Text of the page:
The performance borrowed from the struggles and survival of trans-black-bodies and inspired or provoked by the rituals of visiting the ocean each day and night
while communicating with those chained rocks. Collecting memories of personal experiences into artistic object, the performance invites the audience to question their own vulnerabilities, fears,
mortality and privileges. It leads the viewer to contemplate on the body as a provocative material navigating hazards and risks. In this performance I installed the bidet in which I washed my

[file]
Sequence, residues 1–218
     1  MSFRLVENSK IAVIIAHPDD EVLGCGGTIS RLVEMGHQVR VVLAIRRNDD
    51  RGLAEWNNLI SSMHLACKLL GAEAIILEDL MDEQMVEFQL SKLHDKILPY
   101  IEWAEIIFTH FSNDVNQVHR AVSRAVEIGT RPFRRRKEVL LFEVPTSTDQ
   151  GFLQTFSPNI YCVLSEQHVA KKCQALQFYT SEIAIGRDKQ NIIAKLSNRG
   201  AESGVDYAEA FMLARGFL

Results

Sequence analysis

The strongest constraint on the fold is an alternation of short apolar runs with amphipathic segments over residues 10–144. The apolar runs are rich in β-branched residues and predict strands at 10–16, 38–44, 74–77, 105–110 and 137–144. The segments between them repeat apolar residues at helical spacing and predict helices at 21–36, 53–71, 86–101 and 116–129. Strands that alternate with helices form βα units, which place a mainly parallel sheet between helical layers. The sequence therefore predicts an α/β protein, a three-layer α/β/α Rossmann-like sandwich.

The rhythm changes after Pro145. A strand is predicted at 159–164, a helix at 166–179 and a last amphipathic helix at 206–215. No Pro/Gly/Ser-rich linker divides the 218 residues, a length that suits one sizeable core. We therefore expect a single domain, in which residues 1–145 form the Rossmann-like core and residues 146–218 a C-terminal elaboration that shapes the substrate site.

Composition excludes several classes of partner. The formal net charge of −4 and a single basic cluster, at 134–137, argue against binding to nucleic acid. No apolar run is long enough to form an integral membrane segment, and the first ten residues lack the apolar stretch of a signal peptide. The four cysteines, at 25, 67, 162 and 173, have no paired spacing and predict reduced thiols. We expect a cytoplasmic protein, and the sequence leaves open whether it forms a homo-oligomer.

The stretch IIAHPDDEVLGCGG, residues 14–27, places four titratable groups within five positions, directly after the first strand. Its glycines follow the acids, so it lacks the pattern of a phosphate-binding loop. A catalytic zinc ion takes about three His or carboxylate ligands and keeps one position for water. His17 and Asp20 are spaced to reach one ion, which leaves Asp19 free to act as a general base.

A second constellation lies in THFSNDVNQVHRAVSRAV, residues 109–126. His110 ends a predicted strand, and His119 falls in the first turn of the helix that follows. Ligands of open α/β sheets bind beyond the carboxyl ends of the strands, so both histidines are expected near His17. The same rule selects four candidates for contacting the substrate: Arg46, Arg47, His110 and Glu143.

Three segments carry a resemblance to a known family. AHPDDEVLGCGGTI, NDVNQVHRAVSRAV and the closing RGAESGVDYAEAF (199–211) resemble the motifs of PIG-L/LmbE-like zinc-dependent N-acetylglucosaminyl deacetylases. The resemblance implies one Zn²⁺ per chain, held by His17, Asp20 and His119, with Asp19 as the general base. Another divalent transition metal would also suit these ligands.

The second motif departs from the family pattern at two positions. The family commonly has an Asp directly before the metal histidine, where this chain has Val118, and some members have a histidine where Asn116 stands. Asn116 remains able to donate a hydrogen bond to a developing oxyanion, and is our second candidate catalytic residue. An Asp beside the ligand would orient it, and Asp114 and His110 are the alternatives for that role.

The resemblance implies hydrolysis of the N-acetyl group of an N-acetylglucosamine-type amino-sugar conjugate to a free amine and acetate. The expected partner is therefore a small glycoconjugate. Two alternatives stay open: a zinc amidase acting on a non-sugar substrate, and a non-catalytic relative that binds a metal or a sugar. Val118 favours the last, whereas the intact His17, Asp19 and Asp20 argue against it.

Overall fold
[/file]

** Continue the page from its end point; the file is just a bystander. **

face in the mud and ate junk of muds, a symbolic gesture of unpleasant healing, ‘dying to live’, the baptismal and rebirth. By penetrating my choky-mouth down to the throat I attempt to draw
attention to both physical and psychological death suffered by marginalized people, that which they may have to suffer to survive. We can not in this presentation ignore the body in question, the
black body, the trans body, and an African body all again on the coast, dying and battling to survive. I wanted my audience to experience the emotional encounter, ‘awakening shocks’, and reflect
on the lines between life and death while imagining their own stories and recreating their own narratives. In other words, finding the point at which the body and its political representation
blurs, dissolves and disappears leaving just the bare life.